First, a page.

Mortgage rates have risen significantly this year — 30-year average fixed rates went from roughly 3.5% in early 2021 to more than 5.6% now, Bankrate data shows — and pros say they will likely go higher. So that makes getting a mortgage for around 4% almost seem impossible. But, spoiler alert, for some people it’s not. Here’s who might be able to get one, and you can see the lowest mortgage rates you might qualify for here.
Look for an ARM, if it makes sense for you
If you want that 4%-ish rate, the best thing to do in today’s mortgage environment, according to Jacob Channel, LendingTree’s senior economic analyst, is to talk to a lender and see if you qualify for an ARM. “Some ARMs might be offered in the neighborhood of 4%, at least during the introductory period. [But] borrowers might have to pay discount points to get down to 4%,” says Holden Lewis, home and mortgage expert at Nerdwallet.
That said, “ARMs can be risky, and in the long run they may end up costing more than a fixed mortgage with a higher upfront rate,” says Channel. Indeed, most ARMs have variable rates that initially start out lower, usually for a period of 3 to 10 years, and then fluctuate, which means they can go up, down or even stay the same — but which direction they’ll go is never guaranteed.
ARMs tend to work best for short-term homeowners who only plan to be in the same home for 5 to 7 years. They’re also ideal for those who predict their income will increase since they’re likely to refinance before the interest rate readjusts.
Explore a shorter-term mortgage
If you can afford a 15-year-term, you may be able to land that coveted 4%-ish rate, pros say. Average fixed rates for 15-year mortgages are about 5%, but remember that that is just the average, so you can get lower if you have an excellent credit score, good financials and/or you buy discount points.
Though not as common, there are also 10-year mortgages, which give homeowners the opportunity to pay off their loans sooner. These shorter terms often have lower interest rates than 30-year fixed mortgages, and homeowners get the benefit of building equity more quickly.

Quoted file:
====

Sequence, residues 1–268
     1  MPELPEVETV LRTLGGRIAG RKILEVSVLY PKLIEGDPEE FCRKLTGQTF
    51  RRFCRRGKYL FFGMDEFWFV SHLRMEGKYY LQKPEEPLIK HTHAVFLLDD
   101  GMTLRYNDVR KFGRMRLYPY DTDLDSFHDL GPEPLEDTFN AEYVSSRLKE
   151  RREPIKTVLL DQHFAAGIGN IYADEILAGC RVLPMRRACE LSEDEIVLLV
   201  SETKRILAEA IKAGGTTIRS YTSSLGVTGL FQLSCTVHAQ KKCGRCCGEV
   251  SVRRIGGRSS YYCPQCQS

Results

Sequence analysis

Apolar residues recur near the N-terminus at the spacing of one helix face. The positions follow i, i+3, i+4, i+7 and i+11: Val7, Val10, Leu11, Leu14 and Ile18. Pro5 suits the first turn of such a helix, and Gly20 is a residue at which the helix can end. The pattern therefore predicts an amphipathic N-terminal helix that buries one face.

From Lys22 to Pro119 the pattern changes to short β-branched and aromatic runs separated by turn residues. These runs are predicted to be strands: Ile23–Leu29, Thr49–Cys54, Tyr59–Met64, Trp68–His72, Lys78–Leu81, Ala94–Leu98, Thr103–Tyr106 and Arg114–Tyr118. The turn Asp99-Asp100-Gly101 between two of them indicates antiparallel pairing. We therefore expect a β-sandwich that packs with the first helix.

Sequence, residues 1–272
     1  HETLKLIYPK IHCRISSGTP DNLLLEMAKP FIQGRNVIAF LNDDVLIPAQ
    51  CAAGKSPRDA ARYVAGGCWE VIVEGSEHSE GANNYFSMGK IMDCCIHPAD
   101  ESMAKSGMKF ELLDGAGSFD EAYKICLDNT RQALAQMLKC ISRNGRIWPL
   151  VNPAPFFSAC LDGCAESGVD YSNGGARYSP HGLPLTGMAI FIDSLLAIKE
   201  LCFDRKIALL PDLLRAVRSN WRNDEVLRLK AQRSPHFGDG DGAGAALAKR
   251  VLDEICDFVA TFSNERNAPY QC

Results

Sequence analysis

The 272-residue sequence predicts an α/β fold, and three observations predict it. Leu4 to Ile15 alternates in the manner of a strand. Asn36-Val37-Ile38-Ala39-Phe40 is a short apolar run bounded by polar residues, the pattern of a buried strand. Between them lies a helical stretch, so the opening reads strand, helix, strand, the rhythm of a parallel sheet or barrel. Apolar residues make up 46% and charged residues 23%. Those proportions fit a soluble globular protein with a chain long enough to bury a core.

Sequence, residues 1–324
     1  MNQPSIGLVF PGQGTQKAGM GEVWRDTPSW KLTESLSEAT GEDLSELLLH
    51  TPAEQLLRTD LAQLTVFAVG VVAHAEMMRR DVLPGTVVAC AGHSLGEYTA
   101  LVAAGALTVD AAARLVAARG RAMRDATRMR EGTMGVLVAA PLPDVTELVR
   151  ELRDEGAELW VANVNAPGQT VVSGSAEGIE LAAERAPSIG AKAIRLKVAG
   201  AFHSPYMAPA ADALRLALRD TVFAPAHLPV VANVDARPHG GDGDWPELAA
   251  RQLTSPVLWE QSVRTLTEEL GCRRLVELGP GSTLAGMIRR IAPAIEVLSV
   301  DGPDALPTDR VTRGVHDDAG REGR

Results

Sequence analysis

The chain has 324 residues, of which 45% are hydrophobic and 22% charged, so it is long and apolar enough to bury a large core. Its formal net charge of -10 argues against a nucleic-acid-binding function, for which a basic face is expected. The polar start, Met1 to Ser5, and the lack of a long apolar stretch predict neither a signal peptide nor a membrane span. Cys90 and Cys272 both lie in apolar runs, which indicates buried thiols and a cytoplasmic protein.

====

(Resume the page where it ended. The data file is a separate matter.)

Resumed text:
Buy discount points
Basically, discount points are fees paid to reduce an interest rate. “They’re actually prepaid interest. When you pay discount points, you’re handing the lender a chunk of interest payments up front in exchange for paying less interest every month,” says Lewis.
The rule of thumb for discount points is that one point roughly decreases the interest rate by 0.25%. “Each offer is unique, so it might take more or less than two discount points to cut the rate by 0.5%,” says Lewis.
However, there may be limits to how many discount points you can buy. Today, a lot of lenders are offering 30-year fixed-rate mortgages around 5.5%. “Theoretically, it would take six discount points to reduce the rate on a fixed-rate mortgage from 5.5% to 4%. That would be a fee of $24,000 on a $400,000 loan assuming the lender would underwrite a loan with that many discount points,” explains Lewis. But the reality is that a lender may be reluctant to do this because of caps on total points and fees for a loan.
The break-even point for purchasing discount point depends on your loan size, interest rate and the loan term. If you’ll be living in the home for many years, it can make sense to purchase discount points.
Have the right mix of attributes
Outside of getting an ARM, to get a super low rate you’ll likely need a mix of attributes. These may include a credit score of 760 or higher, enough cash to put 20% or more toward a down payment, the ability to buy three or four mortgage discount points and to afford a shorter-term mortgage, says Channel.
The most important thing to do before getting a mortgage, according to Robert Heck, VP of mortgage at digital mortgage marketplace Morty, is to shop around and explore your options, both in terms of lower rates and all available loan programs. “Shopping around is something that many buyers don’t pursue, often due to time,” says Heck. Go online to compare a range of mortgages on their rates, terms and down payment options.
Even if you do all these things, it may be hard to get a 4% mortgage. Indeed, pros say, you may also need a little luck. “With mortgage rates already so much higher than they were at the start of the year and continuing to climb, the unfortunate reality is that locking in a rate under 4% is probably going to be something that most borrowers can’t do,” says Channel.
And remember, even if you can’t get that coveted 4%-ish rate, that doesn’t mean you can’t buy a house. “Accepting a higher rate on a fixed-mortgage can often be preferable to spending all of your money on discount points or seeking out a riskier type of loan like an ARM,” says Channel.